The future looks hopeful with these recent events as we move towards cannabis legislation creeping ever closer to home.  With the E.U capitalising on the societal benefits of cannabis decriminalisation and medical benefits of its medicinal qualities, we may see Ireland follow in the footsteps of the most progressive countries a lot sooner than later.






Undoing Drugs: The Untold Story of Harm Reduction and the Future of Addiction | Review

Maia Szalavitz is an author and journalist focused on neuroscience, addiction and drug policy. She has written for the likes of High Times, VICE, The New York Times and The Guardian. Her newest book, Undoing Drugs, provides a comprehensive history of North American harm reduction movements, which arose as a response to the frightening AIDS epidemic of the ’80s. It details the harm reduction movement’s evolution from the late ’70s onwards. Groups like ADAPT (The Association for Drug Abuse Prevention and Treatment) and ACT UP (The AIDS Coalition to Unleash Power) and later, organisations like the DPA (Drug Policy Alliance) and the NHRC (National Harm Reduction Coalition) are explored. Undoing Drugs covers a range of topics across drug policy; the devastation of AIDS, the fight for supervised injection facilities, overdose prevention via Naloxone, compassionate changes to addiction and pain treatment and the emergence of national drug reform organisations.

The book is a tribute to ‘The Goddess of Harm Reduction’, Edith Springer, who is credited with introducing the harm reduction concept to America, thanks to a meeting with Allan Parry. Parry ran a successful harm reduction programme with Doctor John Marks in Liverpool, England. At one time, they were legally prescribing unadulterated, safe doses of heroin and cocaine to drug users. They also ran a needle exchange programme where they’d provide sterile needles in exchange for used ones, which they would safely dispose of. Clean needle programmes weren’t something that had been successfully organised yet in the States. Initially, they focused on educating injecting drug users on how to clean needles out with bleach and water, before re-using or sharing them. The book credits an exhaustive list of players in the harm reduction movement, from those mentioned above, to people like Yolanda Serrano, Jon Parker, Michelle Alexander, Dan Bigg, Stephanie Comer and Dave Purchase. All made valuable contributions to harm reduction in different periods, but tragically, not all of the groundbreaking and inspiring figures in this movement would survive to now, due to overdoses or illnesses.

Szalavitz experienced a major shock in 1990, when she first learned of the link between shared needles and HIV. She describes the ‘utter hell’ of waiting on HIV test results for two long weeks, before receiving the welcomed news that she hadn’t contracted it. It was at this point in her life that she decided that educating people about harm reduction and helping to introduce public harm reduction measures was precisely what she would devote herself to doing. Like Doctor Carl Hart, Szalavitz examines the racist origins of the war on drugs. She tells that even alcohol prohibition in the US had racist reasoning behind it: ‘..many white Protestants felt their power was threatened by rising numbers of immigrants from Germany, Ireland, and Italy, as well as Eastern European Jews. Prohibition was seen as a way to take back control.‘ She touches on the precedent set by The Harrison Narcotics Tax Act of 1914 and explains how in 1930, Harry Anslinger, as the first Commissioner of the Federal Bureau of Narcotics, fought for a strict federal ban on cannabis on the premise that weed ‘would seduce white women and lead to widespread insanity among previously pure white youth‘.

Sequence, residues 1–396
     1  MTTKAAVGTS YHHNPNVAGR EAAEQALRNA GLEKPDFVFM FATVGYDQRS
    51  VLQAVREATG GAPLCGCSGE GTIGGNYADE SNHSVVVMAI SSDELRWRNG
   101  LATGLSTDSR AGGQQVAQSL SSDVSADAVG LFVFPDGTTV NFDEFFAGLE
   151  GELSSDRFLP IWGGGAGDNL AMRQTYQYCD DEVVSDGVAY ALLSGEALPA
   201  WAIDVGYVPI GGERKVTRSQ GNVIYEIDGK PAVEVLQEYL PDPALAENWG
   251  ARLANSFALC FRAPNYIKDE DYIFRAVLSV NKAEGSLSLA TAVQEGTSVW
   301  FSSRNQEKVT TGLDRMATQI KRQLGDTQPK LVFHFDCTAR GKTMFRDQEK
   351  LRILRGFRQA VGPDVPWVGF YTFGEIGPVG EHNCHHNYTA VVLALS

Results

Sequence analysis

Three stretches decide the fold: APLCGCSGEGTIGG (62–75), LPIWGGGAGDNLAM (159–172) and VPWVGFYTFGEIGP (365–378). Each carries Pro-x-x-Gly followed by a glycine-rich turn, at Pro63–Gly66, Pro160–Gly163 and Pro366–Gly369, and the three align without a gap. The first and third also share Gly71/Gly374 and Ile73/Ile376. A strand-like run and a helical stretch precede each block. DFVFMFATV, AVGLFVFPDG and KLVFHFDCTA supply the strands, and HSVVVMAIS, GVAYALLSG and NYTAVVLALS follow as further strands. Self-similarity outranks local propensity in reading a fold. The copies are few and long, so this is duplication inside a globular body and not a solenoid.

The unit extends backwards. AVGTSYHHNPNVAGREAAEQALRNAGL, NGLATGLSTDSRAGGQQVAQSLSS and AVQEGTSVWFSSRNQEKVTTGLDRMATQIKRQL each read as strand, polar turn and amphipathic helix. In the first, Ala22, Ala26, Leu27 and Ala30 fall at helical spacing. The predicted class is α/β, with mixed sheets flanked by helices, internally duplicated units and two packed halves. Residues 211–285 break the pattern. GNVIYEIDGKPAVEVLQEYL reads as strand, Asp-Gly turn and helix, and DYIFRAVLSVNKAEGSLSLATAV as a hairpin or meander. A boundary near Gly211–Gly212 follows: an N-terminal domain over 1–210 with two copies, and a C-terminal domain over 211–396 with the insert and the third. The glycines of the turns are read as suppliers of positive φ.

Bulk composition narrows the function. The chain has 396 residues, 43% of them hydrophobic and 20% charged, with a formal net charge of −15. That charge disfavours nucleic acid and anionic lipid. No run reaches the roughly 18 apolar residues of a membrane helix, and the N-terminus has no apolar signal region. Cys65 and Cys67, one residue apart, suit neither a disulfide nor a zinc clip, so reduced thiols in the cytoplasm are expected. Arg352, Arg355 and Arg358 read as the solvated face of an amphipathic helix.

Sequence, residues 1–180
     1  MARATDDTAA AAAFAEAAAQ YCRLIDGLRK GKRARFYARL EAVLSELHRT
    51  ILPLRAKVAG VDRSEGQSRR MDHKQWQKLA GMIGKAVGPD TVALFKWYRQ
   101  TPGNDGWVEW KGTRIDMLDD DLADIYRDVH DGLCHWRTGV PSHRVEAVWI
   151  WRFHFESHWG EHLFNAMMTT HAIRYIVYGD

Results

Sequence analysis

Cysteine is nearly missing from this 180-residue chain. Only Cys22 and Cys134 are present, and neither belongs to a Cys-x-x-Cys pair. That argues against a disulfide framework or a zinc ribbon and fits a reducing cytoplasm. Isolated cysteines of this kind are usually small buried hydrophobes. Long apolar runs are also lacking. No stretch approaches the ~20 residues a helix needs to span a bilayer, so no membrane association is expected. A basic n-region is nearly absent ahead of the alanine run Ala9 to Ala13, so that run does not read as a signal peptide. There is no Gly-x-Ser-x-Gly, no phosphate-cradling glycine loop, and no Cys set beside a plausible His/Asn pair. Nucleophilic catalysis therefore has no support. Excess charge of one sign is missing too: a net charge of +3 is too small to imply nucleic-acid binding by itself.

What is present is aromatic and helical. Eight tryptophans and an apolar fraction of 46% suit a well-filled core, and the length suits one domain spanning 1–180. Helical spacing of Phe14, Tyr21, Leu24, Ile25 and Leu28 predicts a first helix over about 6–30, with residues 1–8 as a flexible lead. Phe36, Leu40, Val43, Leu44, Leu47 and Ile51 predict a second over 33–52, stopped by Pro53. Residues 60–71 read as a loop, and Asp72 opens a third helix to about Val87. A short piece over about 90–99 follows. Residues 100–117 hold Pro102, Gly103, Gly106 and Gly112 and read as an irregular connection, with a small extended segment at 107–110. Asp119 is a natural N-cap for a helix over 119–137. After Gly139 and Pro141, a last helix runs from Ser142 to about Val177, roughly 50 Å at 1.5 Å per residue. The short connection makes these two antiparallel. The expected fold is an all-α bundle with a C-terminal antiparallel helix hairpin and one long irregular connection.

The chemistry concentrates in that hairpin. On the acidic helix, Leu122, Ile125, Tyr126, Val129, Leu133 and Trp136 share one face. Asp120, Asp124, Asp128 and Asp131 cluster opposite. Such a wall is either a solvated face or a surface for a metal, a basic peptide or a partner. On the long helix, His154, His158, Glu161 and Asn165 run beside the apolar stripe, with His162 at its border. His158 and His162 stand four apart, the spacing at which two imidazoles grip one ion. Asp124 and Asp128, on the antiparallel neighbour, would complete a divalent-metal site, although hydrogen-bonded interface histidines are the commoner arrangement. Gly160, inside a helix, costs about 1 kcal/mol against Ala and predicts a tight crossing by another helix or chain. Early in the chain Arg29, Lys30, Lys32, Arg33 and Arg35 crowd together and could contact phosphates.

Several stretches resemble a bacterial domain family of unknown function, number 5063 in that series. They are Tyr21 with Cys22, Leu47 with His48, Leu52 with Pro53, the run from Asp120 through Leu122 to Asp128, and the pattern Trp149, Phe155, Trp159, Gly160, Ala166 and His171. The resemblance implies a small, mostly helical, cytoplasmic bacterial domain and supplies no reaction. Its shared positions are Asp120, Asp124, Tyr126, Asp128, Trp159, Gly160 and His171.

He ignored 29 of the 30 Doctors he interviewed about cannabis, who said that it wasn’t harmful enough to ban. This reckless anti-drug attitude would continue later, most notably with Presidents Nixon and Reagan. Szalavitz outlines the public mindset, from the ’60s onwards, as follows: ‘..illegal drugs had been firmly linked in the American mind with poor, Black, and brown criminals — and the stereotype of the “addict” as a lazy, devious, and violent sociopath mapped perfectly on to the racist stereotypes many whites held about those groups. With a compliant media, it was easy to blame violence and poverty on drugs — and not the socioeconomic circumstances that actually do lead people to problematic relationships with substances. It was also easy to spike fear that the evil drugs used by poor Black and brown people would soon be coming for innocent white babes.‘ Elsewhere, she quotes a lawyer, who said the following about crack cocaine in a New York Times op-ed in 1986: ‘If we blame crime on crack, our politicians are off the hook. Forgotten are the failed schools, the malign welfare programs, the desolate neighborhoods, the wasted years.